Your restore should now be complete, and NICI reinitialized with the restored NICI files so you can access encrypted information. If you use roll-forward logging, you have prepared for any failures in the future by turning on roll-forward logging again after the restore and creating a new full backup as a baseline.

17.5.7 Backup and Restore Command Line Options

The eDirectory Backup Tool command line options are divided into six functions: backup, restore, restadv, getconfig, setconfig, and cancel.

The switches can be placed in any order in the command after the name of the function. They must be separated by a space.

Option and Switches

Description

backup

Perform a backup of the database and associated files.

-f file_name

(Mandatory) Backup filename and path

Specifies the filename and location of the backup file you want the Backup Tool to create. This file must be on the server you are backing up. For example, backup -f C:\backup\ndsbak.bak will back up the database to C:\backup\ndsbak.bak.

-l file_name

(Mandatory) Log filename and path

Specifies the log file to record the results of the backup operation.

-b

(Optional) Perform a full backup.

Performs a full backup of the eDirectory database. This option is the default behavior. If neither -i nor -c is specified, a full backup is performed.

-i

(Optional) Perform an incremental backup.

Performs an incremental backup of the eDirectory database. This will back up any changes made to the database since the last full or incremental backup.

-t

(Optional) Back up stream files.

Includes the stream files when backing up the eDirectory database.

-u file_name

(Optional) User includes filename and path.

Specifies an include file that lists additional files to back up. You can create this configuration file to include other files in the backup that could be important when restoring the server's eDirectory database.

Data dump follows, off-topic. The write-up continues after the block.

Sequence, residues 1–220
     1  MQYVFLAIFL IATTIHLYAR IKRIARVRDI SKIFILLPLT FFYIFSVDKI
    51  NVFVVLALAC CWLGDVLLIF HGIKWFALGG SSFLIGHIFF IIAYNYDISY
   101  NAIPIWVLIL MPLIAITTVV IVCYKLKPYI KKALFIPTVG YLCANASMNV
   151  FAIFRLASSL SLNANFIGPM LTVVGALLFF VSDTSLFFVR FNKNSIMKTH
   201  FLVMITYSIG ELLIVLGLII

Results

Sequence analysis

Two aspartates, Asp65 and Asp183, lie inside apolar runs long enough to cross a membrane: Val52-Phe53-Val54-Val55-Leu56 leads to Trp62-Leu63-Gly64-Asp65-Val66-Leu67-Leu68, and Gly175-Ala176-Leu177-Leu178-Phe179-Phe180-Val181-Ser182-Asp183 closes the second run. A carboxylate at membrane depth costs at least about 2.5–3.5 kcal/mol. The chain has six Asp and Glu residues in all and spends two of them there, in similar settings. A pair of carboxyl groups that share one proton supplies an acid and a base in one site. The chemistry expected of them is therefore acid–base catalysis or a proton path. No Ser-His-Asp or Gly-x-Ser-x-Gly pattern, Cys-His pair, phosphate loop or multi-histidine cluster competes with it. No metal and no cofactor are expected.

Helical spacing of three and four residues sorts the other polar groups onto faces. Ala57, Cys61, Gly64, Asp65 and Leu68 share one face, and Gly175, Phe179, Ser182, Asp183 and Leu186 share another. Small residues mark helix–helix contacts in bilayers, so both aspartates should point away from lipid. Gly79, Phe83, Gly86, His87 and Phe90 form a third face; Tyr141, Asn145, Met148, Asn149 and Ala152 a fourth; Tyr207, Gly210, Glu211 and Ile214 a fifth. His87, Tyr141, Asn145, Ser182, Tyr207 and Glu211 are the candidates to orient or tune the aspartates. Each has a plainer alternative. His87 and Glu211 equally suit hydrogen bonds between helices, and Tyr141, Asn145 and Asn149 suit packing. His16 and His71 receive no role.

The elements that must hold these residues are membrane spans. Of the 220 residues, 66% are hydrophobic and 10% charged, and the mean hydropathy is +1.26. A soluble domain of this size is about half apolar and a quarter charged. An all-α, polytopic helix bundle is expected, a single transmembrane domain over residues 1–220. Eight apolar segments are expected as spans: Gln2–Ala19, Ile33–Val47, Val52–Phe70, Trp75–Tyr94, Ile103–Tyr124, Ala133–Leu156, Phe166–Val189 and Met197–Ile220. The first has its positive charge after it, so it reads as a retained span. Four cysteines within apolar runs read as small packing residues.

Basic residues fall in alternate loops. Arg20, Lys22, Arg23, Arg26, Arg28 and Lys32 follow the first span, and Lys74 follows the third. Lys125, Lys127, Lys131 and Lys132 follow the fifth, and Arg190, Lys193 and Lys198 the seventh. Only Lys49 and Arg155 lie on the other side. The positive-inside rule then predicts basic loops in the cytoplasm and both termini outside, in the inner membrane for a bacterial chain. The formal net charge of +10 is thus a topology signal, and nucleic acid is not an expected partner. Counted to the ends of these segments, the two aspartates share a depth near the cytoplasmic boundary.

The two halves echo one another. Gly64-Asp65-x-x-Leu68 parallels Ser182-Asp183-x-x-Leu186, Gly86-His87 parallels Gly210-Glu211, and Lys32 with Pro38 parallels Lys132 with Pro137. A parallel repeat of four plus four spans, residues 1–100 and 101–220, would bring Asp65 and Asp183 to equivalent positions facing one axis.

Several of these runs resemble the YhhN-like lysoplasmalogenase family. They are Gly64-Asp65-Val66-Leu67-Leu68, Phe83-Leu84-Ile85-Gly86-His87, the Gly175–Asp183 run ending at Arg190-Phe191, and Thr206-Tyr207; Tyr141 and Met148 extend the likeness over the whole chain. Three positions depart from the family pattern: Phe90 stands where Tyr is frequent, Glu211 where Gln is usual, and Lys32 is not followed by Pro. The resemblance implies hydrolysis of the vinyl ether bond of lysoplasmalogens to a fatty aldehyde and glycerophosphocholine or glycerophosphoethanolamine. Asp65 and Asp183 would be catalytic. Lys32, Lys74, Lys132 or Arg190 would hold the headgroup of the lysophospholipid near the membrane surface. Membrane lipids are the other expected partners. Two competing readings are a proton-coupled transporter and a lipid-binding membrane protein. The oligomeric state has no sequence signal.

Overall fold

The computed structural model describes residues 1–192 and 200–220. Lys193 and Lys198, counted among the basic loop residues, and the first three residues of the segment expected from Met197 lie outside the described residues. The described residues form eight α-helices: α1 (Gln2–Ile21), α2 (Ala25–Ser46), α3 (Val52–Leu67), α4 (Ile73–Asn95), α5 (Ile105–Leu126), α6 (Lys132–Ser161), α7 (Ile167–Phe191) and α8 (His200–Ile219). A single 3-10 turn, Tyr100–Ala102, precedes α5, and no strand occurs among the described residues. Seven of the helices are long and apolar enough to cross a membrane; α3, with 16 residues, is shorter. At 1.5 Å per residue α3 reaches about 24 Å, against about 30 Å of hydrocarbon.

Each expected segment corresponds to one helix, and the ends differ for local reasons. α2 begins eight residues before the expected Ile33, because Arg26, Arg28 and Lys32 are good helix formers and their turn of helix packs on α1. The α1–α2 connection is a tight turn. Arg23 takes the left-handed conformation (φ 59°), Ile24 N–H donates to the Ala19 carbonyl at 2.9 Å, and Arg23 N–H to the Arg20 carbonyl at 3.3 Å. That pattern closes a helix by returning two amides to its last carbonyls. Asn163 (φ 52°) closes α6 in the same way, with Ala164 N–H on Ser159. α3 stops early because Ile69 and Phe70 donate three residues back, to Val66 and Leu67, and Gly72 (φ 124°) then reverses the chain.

In the include file, list the full path of each file you want backed up, followed by a semicolon (;).

Don't include any spaces or hard returns in the list of files.

To confirm that these files are being backed up, check the backup log or look at the header of the backup file. See Format of the Backup Log File and Format of the Backup File Header.

WARNING:When opening a backup file, just view the header — make sure you don't try to save or modify the file, or it might become truncated. Most applications can't save the binary data correctly.

-s file_size

(Optional) Backup file size limit (MB)

Specifies the maximum size (MB) of the backup file. You might want to use this option if you are concerned about file size because of the media you are using to store the backup files after they are created.

If the maximum size is reached, a new backup file is created with the same name as the first with a five-digit hex extension added to denote what file it is. This extension increments with each new file.

For example, you could set the maximum size of the backup files to 10 MB using the following switches as part of your command: backup -f C:\backup\mydib.bak -s 10. If the database is 35 MB, this is the resulting set of backup files:

  • C:\backup\mydib.bak, size is 9.6 MB